In response to class conversation about Dana Schutz’s Emmett Till painting:
I think Sai brought up a good point in class that the larger issue at play is the choices of Whitney curators. This is not the first time, and probably won’t be the last, that the Biennial has drawn criticism for how it addresses issues of race and racism – or failed to do so. This year’s show represented the most diverse group of artists in terms of skin color and gender (source: http://www.art-agenda.com/reviews/double-take%E2%80%94whitney-biennial-2017/), and many works dealt explicitly with political or social issues. A review in the Times positioned the 2017 biennial as a “bookend” to the 1993 show, which was more overtly political than those in between (source: https://www.nytimes.com/2017/03/16/arts/design/why-the-whitneys-humanist-pro-diversity-biennial-is-a-revelation.html). But, walking through the show, I personally didn’t sense any real commitment to socially conscious curating. For one thing, as I mentioned in class, there was one room that seemed like it had been designated as the black subject room – there were paintings and photographs that didn’t really relate to each other except in that their subject matter was primarily black people. (The artists in this room were Henry Taylor and Deana Lawson… I should note I have read more than one review praising the curating choice, one calling it “canny juxtaposition,” so maybe it’s just me?) In other cases it felt like the curators were paying lip service to topical issues (e.g. censorship, income inequality, student loan debt, violence) but not necessarily engaging with them responsibly or on a deep level. One example is the virtual reality installation that immersed viewers as bystanders to a physical attack… It felt really gratuitous and unconstructive. (This is a tangent, but I really like this quote about that piece: “But no work hit my optical WTF nerve as much as Jordan Wolfson’s virtual reality video Real Violence (2017), which consists of him bludgeoning, with baseball and foot, a man to a soundtrack of Jewish prayer. Anything but a fan of this piece, I mention it due to its stark, potential harbinger-like quality. It is sociopathic art for what, to all intents and purposes, is precipitously shaping up to be a sociopathic era” Chris Sharp, source: http://www.art-agenda.com/reviews/double-take%E2%80%94whitney-biennial-2017/)
I also think it’s important to consider that it’s not in curators’ best interests to avoid controversy. Ultimately, they are trying to sell tickets, and I would assume tickets sales went up after all the press about Schutz’s painting came out. So, what do we expect? I wish there were more museums that specifically incorporated social justice concerns into their acquisitions/curating processes. But these museums exist in a capitalist system, and they will (probably) only factor social justice into their decision-making if we as consumers force them to. I think curators are beginning to feel forced in that direction, evidenced by the demographics of the biennial, but so far it’s still more lucrative to show a problematic painting by a white artist than a topical but uncontroversial painting by a person of color. They feel the pressure to get the numbers right, but not to actually be cognizant in their choices. Here’s a quote from one of the curators, Mia Locks: “When people keep talking about racism, when people keep talking about inequity, when people keep talking about debt — when conversations come around without you bringing it up — you realize: These are the ideas!” (Source: https://www.nytimes.com/2017/03/08/arts/design/a-users-guide-to-the-whitney-biennial.html) …That doesn’t read to me like someone deeply committed to social justice. But both curators are people of color so, again, we’re ticking off boxes.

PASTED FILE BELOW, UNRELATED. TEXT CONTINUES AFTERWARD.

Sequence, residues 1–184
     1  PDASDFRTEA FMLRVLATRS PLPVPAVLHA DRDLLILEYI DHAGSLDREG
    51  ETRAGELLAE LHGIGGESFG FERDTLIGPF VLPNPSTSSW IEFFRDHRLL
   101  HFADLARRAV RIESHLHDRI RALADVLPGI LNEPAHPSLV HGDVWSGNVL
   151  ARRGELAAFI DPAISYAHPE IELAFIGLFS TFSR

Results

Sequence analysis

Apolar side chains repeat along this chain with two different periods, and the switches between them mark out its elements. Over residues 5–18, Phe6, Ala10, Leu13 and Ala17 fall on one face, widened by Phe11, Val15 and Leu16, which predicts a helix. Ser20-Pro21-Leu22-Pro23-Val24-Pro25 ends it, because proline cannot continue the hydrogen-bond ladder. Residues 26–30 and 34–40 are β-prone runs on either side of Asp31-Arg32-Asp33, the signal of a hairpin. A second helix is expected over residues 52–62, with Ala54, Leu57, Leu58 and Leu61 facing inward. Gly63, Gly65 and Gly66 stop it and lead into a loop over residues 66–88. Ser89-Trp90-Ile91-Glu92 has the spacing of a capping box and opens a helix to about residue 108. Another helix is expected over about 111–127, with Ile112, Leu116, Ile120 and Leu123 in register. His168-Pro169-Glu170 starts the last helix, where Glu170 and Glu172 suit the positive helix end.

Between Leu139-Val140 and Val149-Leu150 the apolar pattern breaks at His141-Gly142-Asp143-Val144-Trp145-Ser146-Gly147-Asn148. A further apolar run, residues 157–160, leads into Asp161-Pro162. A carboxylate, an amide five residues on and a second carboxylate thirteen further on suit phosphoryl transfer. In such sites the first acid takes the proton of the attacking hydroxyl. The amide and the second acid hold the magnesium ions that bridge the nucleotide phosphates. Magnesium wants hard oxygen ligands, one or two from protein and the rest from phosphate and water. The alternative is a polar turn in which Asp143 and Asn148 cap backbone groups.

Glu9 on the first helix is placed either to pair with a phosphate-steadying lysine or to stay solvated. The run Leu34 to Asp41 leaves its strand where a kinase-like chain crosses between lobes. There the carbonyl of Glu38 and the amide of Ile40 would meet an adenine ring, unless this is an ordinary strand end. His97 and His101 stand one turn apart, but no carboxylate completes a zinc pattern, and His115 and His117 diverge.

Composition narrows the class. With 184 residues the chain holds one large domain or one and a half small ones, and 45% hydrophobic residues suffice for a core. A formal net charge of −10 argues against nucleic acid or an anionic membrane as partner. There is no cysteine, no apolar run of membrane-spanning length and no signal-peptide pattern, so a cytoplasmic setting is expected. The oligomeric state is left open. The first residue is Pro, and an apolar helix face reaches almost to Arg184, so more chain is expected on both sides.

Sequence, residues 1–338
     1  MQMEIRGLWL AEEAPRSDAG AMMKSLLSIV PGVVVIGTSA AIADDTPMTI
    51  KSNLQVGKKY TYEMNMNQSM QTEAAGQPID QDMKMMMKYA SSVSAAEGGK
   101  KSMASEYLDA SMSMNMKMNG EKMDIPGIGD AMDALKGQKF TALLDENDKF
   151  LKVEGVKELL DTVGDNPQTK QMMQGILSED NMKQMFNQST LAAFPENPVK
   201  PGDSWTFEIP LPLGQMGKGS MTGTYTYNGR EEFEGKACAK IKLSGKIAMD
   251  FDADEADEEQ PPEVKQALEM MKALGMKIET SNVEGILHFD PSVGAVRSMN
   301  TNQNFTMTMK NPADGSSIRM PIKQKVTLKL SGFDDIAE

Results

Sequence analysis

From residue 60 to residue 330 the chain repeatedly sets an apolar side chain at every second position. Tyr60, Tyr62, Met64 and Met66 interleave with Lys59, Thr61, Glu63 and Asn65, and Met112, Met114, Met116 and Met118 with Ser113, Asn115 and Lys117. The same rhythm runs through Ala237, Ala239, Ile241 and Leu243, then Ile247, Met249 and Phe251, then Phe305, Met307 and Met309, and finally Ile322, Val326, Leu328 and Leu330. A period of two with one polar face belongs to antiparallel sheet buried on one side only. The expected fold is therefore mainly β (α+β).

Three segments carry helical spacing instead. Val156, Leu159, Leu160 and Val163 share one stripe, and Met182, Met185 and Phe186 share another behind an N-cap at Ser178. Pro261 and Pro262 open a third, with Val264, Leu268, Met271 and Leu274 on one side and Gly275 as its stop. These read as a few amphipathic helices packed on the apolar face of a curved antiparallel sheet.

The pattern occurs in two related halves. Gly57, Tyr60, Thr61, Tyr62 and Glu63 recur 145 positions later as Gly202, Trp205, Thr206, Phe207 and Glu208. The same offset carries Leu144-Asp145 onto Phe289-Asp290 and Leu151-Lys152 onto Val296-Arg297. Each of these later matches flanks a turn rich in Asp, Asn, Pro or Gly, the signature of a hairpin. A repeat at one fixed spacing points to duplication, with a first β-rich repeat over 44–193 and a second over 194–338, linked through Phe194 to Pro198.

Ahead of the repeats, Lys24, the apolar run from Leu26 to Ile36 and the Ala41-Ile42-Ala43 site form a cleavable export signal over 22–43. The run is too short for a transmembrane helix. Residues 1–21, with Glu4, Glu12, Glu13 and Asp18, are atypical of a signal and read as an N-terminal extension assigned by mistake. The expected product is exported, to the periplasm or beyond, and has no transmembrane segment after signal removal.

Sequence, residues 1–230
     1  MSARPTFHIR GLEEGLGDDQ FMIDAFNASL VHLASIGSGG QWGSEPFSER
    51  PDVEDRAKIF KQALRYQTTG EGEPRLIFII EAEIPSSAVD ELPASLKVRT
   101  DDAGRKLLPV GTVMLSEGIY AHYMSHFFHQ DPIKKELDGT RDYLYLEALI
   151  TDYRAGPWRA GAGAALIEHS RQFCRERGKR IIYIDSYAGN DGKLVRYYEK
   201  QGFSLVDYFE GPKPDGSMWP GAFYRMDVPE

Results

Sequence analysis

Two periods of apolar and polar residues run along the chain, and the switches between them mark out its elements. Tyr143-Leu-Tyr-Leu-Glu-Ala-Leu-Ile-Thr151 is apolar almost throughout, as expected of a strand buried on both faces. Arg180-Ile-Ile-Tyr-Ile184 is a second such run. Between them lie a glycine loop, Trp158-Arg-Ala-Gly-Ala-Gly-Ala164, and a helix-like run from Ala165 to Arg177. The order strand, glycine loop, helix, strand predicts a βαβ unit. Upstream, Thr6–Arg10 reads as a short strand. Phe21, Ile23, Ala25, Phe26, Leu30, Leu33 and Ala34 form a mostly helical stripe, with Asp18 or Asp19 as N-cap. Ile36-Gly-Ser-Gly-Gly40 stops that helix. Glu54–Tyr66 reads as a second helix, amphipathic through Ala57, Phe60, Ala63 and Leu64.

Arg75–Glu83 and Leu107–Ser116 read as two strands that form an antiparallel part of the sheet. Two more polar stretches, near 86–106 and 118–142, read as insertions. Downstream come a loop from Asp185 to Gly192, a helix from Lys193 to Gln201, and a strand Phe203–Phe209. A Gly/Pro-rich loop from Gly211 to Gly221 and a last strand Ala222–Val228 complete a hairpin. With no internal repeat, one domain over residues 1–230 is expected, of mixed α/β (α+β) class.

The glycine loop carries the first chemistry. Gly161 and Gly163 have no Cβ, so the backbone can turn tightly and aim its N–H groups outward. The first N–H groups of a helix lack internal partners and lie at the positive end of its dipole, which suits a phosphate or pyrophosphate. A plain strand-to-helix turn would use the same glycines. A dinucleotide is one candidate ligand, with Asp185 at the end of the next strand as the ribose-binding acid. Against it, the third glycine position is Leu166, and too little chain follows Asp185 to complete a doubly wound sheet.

In terms of the artist’s choice to paint the image in the first place, I get that it’s not her place to re-create that image and make a name/money for herself out of it. But I don’t get the argument that it didn’t need to be a painting… I don’t see how any other art form would make it better. Below is a painting by Henry Taylor called “THE TIMES THAY AINT A CHANGING, FAST ENOUGH!” which recreates the shooting of Philando Castille. Why is it more appropriate for Castille’s death to be made into a painting than for Till’s? The major differences are that Taylor black, and that he hasn’t manipulated Castille’s face the way Schutz did to Till’s face. I’m not saying the medium Schutz used is irrelevant; I just don’t agree that it’s the reason the artwork was considered offensive.